Rage is a powerful thing. But way too often, when it is unleashed by marginalized folks, organizers, or even students, this rage is weaponized against those communities.
We see this manifest hyper–locally within our Penn community, a prime example being the Penn administration’s insistent union–busting efforts as an attempt to suppress student rage. These struggles connect to wider national and international efforts: America’s complicity in the Maui wildfires.
In early August of this year, a series of destructive, growing wildfires broke out on the island of Maui, Hawai'i, leaving 115 people dead, hundreds more missing, and thousands displaced. This makes the Maui fires one of the deadliest in United States history, yet we have strayed from the source of such devastation.
Western media fails to account for the historical and ongoing colonization issues plaguing Maui. For Americans, Hawai'i is the 50th state of this country. But many do not know how the Indigenous land was violently, forcibly, and visciously occupied and later seized to be codified under the US government. This colonial legacy continues to aggressively pervade the Native Hawaiian people and culture: the tourism industry's exploitative efforts, major corporations’ infiltration and expansion of their business expeditions, and multi–millionaires' missions to destroy native land to build their next vacation homes.
Hawai'i or the Native people of Hawai'i are rarely, if ever, afforded nuance. The people and the island are perpetually oversimplified as America’s paradise. This land is perceived as merely disposable and fantasized—a sheer experience to the Western tourist.
To understand the tourism industry’s monopolistic efforts in sustaining this parasitical relationship between tourists and Indigenous Hawaiians, we must first recognize that Hawai'i is a sovereign kingdom that has been dismantled by white colonists. The sheer ecology and culture of Hawai'i’s land have been violently altered and cleared for the practice of monoculture, most notably demonstrated through the cultivation of sugar plantations starting in the early 19th century. The sugar plantation industry in Hawai'i has created dramatic, unrectifiable change to the environment. An example of these changes includes the implementation of water diversion tactics, in which opportunistic settlers irreversibly altered major Hawaiian rivers’ natural flow in order to supply irrigation to soil–rich, arid, and sunny areas (such as Central Valley in Maui). Additionally, the killing of native ulu trees, under the jurisdiction of white settlers, has destroyed the land’s native, symbiotic relationships (in this case, the ulu trees are essential in providing necessary moisture for dry regions).
Therefore, there is no neutrality in tourism when this industry continues to extract these resources. The deforestation and eradication of Native species to construct resorts and vacation homes or the severe overpopulation (where tourists outnumber residents six to one and outnumber Indigenous Hawaiians by 30 to one) are neither accidental nor impartial to colonialism. These realities coupled with foreign investment have encouraged tourism, intensifying the rate of inflation and increasing the cost of living, which has translated into the ongoing housing crisis that disproportionately affects Native people. All while Indigenous folks struggle to find homes or are being forcibly displaced due to the wildfire, dozens of celebrities can still lavishly boast their multi–million–dollar mansions and expand their landowning aspirations.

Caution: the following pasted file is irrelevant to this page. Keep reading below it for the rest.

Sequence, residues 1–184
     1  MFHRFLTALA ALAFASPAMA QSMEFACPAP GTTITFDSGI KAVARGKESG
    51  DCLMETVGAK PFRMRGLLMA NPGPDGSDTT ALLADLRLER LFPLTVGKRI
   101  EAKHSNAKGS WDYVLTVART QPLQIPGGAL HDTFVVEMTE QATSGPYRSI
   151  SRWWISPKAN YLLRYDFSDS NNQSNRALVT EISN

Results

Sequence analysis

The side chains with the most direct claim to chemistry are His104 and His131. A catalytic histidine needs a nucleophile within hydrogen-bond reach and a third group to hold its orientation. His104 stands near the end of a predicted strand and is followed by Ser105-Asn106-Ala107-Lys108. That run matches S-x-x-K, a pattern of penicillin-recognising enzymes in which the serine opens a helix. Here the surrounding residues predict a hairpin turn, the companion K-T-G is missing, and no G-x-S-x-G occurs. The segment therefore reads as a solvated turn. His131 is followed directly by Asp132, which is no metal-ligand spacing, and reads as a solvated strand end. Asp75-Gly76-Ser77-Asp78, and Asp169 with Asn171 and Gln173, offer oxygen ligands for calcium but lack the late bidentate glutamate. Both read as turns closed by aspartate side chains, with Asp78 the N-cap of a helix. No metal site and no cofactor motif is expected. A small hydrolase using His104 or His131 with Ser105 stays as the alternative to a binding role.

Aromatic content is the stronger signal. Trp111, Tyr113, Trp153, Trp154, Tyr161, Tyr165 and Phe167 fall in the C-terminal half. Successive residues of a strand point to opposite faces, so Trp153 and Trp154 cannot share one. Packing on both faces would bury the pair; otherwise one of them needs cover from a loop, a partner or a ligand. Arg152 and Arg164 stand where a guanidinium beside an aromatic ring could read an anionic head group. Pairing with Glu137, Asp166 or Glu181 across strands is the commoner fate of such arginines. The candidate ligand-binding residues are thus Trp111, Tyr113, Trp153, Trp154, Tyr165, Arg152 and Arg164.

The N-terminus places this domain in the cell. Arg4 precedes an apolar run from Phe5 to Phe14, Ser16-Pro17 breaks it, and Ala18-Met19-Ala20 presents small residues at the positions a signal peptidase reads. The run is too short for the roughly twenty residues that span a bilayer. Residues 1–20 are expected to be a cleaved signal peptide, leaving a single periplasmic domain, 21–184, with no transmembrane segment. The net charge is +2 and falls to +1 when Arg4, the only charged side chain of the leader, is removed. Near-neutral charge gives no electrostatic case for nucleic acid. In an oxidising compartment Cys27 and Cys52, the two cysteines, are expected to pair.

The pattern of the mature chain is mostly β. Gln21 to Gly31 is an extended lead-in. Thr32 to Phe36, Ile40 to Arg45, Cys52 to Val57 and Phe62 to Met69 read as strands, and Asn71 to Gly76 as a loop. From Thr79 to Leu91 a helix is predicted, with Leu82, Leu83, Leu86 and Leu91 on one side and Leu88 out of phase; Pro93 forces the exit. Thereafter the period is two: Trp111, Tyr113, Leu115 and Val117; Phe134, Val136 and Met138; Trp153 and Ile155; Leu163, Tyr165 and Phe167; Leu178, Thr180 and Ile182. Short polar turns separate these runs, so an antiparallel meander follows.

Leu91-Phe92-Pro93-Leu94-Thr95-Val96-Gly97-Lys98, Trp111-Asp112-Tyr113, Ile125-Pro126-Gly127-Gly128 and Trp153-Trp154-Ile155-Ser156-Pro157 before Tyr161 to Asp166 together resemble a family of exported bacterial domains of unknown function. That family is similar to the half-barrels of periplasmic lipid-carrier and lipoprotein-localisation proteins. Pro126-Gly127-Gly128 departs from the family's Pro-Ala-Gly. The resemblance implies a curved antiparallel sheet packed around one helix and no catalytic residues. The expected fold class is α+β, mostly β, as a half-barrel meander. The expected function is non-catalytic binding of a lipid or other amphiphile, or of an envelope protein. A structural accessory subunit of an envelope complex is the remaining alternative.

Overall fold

In Maui’s case, the poorly managed infrastructure, the lack of ecological diversity, and the strong winds induced by climate change are all ingredients for the devastating wildfires. Therefore, it is undoubtedly natural for Indigenous folks to rise with rage. Rage in every strain is necessary for change, and we too must foster a community of rage when we are organizing and demanding change.
This rage also reminds us of the importance of caring and how to care meaningfully. Today's society molds us to view our relationships with some form of a transactional purpose and the power of storytelling becomes a marketing tool for profit. In other words, caring becomes capitalized. And in this case for Maui, the rage by Indigenous people of Hawai'i has been substituted by something that sells: conspiracy theories. Western pop culture never fails to regurgitate fascist propaganda to divert attention from the devastation of the Maui fires—one example being the outlandish theory that the fires were caused by a secret “energy weapon.”
Rather than utilizing social media as a means to center the crisis and raise support and funds for the Maui people, it has become a space for social media sleuths to “solve the mystery” of what caused the fires. Western media platforms and users have taken space only to falsely deflect the story into a viral 60–second TikTok consumed by millions of users everywhere, silencing and suppressing rage.
As consumers of pop culture and social media, we can also replicate this harmful behavior, whether that is by spreading misinformation or indulging in luxury island vacations that play a role in sustaining capitalist exploitation. As Penn students in West Philadelphia, we too must recognize the need to react with rage. Rage is what creates change and fosters care.
We can share this care with our campus, West Philadelphia, and even all the way to the people of Hawai'i. We have to take this rage we all have and recognize it. Cultivate it. React to it. And most importantly, care about it.
Ways to donate and support the people of Maui: